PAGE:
Atoka Elementary School
Boynton Williams & Associates
Project of Distinction Winner 2014 Education Design Showcase
Project Fact Sheet
Facility Use: K-12 Elementary
Project Type: New Construction
Category: Whole Building/Campus Design
Location: Atoka, OK
District/Inst.: Atoka Public Schools
Chief Administrator: Dwayne Noble, Superintendent
Completion Date: July 2013
Design Capacity: 600 students
Enrollment: 480 students
Gross Area: 66,276 sq.ft.
Space per pupil: 110 sq.ft.
Site size: 6 acres
Cost per student: $16,886
Cost per sq.ft.: $152.00
Total project cost: $10,131,500
Building construction cost: $8,461,390
Site development cost: $628,170
Furniture & equipment cost: $385,252
Fees and other: $656,718
Situated on a tight site, this playful facility unites a cost effective design with well-balanced visual aesthetics. The school includes: thirty-two age appropriate classrooms, two computer labs, media center, full-service kitchen and a cafeteria with a multi-purpose center, including a stage. The teachers benefit from central resource centers/workrooms which include a refrigerator, microwave, sink and ample cabinet space along the walls and under the workspace island. Restrooms are appropriately located in each of the classroom wings to provide easy access for children and staff. Teachers and staff alike were exceedingly surprised with the amount of storage space made available for them to utilize throughout the building. In keeping with the district’s need for expansion, the school was designed with additional space on the site for future growth. Currently, 480 students are enrolled, but the new school allows for 600 students.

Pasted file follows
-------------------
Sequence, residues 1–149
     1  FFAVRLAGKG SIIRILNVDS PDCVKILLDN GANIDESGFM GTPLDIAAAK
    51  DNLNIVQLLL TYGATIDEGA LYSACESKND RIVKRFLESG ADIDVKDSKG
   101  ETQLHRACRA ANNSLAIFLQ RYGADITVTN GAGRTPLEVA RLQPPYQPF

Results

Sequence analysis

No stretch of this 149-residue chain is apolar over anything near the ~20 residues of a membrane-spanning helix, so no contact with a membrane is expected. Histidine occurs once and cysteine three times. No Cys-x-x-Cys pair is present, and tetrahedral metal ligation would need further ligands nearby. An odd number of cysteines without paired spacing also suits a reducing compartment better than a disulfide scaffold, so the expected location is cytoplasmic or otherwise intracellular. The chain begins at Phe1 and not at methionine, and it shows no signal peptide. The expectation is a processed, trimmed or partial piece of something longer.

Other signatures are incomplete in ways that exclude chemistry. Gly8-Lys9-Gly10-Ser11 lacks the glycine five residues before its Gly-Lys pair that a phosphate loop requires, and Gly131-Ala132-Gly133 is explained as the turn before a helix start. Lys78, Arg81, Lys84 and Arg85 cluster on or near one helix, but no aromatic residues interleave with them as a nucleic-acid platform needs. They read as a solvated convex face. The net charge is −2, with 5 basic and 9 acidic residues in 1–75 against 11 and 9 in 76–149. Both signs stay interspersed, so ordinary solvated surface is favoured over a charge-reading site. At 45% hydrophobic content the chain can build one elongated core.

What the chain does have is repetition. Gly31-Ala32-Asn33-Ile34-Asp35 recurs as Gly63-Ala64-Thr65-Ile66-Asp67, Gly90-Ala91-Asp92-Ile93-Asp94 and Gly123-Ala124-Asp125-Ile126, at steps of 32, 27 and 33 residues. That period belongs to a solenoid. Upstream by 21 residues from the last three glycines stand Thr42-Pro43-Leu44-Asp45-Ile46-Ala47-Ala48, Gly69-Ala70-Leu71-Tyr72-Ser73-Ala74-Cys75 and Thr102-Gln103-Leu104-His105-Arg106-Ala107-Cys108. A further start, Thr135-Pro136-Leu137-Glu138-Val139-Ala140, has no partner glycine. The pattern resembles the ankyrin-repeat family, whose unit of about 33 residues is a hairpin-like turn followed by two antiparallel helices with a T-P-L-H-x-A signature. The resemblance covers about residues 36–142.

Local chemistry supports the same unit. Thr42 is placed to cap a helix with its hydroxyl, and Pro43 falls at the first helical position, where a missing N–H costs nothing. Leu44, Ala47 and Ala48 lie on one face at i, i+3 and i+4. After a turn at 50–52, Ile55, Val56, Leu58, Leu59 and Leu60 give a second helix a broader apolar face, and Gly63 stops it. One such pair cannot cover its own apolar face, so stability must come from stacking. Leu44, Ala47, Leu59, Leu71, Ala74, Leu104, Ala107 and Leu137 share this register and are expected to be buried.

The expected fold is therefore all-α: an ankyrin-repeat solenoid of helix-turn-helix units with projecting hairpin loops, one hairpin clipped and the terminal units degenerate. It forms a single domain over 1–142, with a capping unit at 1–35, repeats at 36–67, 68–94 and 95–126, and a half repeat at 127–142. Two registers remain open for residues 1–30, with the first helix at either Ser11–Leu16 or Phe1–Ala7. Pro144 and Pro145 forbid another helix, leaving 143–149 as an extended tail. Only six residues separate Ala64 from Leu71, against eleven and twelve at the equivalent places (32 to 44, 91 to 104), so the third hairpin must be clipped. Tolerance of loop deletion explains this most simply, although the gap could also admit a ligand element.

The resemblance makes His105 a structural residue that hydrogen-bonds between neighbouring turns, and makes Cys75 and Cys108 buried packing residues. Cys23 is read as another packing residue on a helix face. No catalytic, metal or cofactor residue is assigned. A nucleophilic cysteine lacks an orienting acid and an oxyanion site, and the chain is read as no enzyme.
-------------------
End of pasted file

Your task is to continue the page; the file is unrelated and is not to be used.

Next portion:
The goals for Atoka Elementary were simple: the kids come first when making each decision, functionality and cost effectiveness. Everyone involved focused on creating a fun and inviting place for kids while encouraging learning.
Previously, the elementary school was located at a different site, but this space-saving design allowed for the new school to be built on the same campus as the middle school and high school. There are three drop-off/pick-up loops; one bus loop and two areas specifically for cars, which allows for a more cohesive flow. Designed and built for the kids, secured entrances separate the classrooms from the multi-purpose center and cafeteria which are both open and available for community use.
The imaginative classrooms and bright color schemes provide a jovial and functional facility. Each classroom is equipped with state-of-the-art media equipment, featuring smart boards that are wired to a central media hub while the 3-D design aspects throughout the building encourage creative thinking. Each classroom houses a lower lighting system which sets the light at a level that is least distractible and most ample for learning.
The activity center includes a 3-D entrance with a “mouse door” for kids to walk through predicting the care-free lunch and recess time awaiting them. Students must walk into the “Little Red School House” when entering the academic area symbolizing a quiet and studious environment. “These small details appeal to the kids and encourage energy and creative thinking” says Principal Kathy Perkins who loves making her way through the “mouse door” to spark laughter from the students.
Teachers appreciate the separation each grade has from one another because it provides for a quiet and focused learning environment. With the new building came adequate storage space in each room for both teachers and students. Lockers and water fountains are housed in each classroom which allows more time to be put back in to academics.